Aortoiliac occlusive disease is a type of vein condition in the legs. It occurs when the iliac artery that brings blood to your legs becomes narrow or blocked by plaque. Symptoms can include pain, numbness, or cramping in the lower limbs, gangrene in the feet, and erectile dysfunction (ED) in men. Common treatments for aortoiliac occlusive disease include drugs, exercise, and surgery.
At the UPMC Division of Vascular Surgery, our experts take a team approach to diagnosing and treating aortoiliac occlusive disease.
To request an appointment, contact the UPMC Heart and Vascular Institute:
Your aorta is your main blood vessel. It comes out from your heart, down through your chest, and into your belly. There, it branches off into your iliac arteries.
Your iliac arteries bring blood down into your legs.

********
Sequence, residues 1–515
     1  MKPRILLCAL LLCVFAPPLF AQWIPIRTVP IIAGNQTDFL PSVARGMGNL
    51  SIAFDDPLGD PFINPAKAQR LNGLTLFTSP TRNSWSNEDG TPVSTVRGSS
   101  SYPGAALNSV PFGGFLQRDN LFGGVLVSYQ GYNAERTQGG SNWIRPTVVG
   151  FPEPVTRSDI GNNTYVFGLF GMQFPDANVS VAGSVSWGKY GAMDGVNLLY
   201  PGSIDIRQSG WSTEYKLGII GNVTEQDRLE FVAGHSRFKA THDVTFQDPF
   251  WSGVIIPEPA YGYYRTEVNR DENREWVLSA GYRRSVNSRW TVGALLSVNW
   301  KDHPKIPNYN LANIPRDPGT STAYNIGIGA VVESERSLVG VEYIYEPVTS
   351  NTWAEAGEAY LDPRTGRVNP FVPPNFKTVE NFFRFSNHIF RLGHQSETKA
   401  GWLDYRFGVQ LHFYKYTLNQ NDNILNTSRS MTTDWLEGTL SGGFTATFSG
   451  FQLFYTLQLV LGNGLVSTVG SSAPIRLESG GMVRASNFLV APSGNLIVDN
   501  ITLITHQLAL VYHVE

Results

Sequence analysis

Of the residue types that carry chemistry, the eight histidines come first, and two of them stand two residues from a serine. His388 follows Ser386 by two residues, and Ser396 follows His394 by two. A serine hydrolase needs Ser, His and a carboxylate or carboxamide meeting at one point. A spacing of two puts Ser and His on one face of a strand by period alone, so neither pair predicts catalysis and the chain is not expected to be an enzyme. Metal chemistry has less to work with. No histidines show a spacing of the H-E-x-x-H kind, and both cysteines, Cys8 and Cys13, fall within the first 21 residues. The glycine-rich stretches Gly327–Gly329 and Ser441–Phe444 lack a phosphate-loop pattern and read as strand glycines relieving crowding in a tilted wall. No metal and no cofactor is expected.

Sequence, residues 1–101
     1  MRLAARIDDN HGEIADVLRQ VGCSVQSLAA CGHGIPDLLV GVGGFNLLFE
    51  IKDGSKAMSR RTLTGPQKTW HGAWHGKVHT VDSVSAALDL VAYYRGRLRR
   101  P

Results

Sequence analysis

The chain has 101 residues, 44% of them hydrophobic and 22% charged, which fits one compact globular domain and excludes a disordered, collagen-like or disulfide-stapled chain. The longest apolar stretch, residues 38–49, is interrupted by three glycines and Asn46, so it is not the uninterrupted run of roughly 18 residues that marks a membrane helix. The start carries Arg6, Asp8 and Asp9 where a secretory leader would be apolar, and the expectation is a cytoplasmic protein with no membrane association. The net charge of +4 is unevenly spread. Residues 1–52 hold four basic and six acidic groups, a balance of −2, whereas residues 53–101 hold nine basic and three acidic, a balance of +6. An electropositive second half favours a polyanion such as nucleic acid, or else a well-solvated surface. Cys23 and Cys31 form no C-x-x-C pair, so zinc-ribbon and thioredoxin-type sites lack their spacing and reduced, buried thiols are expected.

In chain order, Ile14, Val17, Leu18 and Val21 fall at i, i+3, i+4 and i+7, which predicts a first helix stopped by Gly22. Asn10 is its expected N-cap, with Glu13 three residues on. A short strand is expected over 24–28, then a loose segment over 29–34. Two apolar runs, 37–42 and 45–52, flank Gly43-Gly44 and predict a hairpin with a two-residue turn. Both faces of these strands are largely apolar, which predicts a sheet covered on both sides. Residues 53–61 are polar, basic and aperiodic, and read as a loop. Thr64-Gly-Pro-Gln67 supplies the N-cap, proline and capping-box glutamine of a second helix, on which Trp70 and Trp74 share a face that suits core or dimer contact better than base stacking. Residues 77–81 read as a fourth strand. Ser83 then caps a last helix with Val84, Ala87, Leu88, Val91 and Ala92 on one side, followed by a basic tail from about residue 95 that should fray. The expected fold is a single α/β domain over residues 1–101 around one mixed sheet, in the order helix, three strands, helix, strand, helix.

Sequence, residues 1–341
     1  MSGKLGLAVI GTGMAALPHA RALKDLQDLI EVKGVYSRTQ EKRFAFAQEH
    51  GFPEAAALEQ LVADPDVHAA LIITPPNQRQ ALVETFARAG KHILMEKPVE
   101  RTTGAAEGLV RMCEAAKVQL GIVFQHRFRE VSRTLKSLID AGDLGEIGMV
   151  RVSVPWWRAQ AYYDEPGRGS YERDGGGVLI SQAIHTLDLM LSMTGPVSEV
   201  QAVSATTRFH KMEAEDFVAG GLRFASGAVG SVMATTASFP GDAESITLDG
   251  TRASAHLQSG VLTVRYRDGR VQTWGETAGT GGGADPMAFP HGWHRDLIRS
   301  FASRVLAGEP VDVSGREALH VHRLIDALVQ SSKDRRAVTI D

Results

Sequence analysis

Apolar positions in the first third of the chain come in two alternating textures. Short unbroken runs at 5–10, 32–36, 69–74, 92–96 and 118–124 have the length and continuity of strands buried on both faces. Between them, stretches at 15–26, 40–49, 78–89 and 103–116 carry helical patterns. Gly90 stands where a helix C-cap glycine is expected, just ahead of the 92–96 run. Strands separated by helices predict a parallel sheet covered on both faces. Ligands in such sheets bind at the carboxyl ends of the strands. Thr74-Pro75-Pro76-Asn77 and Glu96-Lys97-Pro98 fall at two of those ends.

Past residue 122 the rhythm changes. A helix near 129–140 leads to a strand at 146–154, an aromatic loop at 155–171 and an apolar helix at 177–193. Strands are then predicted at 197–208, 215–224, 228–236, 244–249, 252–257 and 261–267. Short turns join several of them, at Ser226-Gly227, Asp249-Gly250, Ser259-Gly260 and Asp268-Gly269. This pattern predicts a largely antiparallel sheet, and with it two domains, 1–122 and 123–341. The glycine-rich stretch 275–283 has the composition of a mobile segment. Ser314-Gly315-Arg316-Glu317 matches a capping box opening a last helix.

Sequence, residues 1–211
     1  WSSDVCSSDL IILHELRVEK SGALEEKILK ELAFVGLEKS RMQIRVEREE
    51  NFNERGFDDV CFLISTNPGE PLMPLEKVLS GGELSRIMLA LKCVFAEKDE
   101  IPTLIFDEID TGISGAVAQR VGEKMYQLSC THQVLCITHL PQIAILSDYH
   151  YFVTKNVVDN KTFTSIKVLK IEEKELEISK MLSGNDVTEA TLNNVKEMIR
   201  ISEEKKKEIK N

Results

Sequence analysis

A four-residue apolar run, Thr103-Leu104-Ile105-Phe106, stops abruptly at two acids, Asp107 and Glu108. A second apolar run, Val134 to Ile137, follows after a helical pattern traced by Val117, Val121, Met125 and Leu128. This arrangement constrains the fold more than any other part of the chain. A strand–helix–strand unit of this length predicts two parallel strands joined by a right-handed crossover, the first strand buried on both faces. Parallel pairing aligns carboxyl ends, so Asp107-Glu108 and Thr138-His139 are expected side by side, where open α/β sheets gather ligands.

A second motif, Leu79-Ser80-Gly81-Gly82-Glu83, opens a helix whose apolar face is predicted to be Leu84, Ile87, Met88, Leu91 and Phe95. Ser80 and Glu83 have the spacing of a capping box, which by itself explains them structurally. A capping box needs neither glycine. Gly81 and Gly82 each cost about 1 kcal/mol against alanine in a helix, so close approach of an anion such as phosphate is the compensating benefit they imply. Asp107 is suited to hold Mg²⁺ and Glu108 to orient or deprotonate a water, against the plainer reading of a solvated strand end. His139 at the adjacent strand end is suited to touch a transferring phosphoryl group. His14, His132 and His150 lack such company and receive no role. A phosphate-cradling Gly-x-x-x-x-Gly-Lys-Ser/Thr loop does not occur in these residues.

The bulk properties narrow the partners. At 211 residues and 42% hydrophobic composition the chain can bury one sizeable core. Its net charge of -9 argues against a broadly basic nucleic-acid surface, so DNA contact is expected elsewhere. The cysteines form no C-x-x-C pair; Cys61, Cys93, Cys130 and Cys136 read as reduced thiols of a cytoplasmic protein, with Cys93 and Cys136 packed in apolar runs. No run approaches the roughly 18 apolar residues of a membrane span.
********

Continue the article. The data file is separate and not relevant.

Aortoiliac occlusive disease is a type of peripheral artery disease (PAD).
It happens when your aorta and iliac arteries become narrow or blocked by:
As plaque builds up, it causes the arteries to narrow and harden, slowing — and even stopping — blood flow.
Atherosclerosis — or hardening of the arteries — is a leading cause of aortoiliac occlusive disease.
Some risk factors for atherosclerosis include:
Another cause can include radiation to the pelvis. This may lead to inflammation in the arteries and progression of PAD.
Aortoiliac occlusive disease develops over a lifetime with varying symptoms.
Symptoms of mild to moderate aortoiliac occlusive disease include:
Symptoms of severe aortoiliac occlusive disease can include:
To diagnose aortoiliac occlusive disease, your UPMC vascular surgeon will:
Your doctor may also use the following tests to confirm a diagnosis of aortoiliac occlusive disease:
Treatment for aortoiliac occlusive disease will depend on the severity and extent of your condition.
For mild forms of aortoiliac occlusive disease, treatments can include:
For more advanced forms of aortoiliac occlusive disease, treatments can include: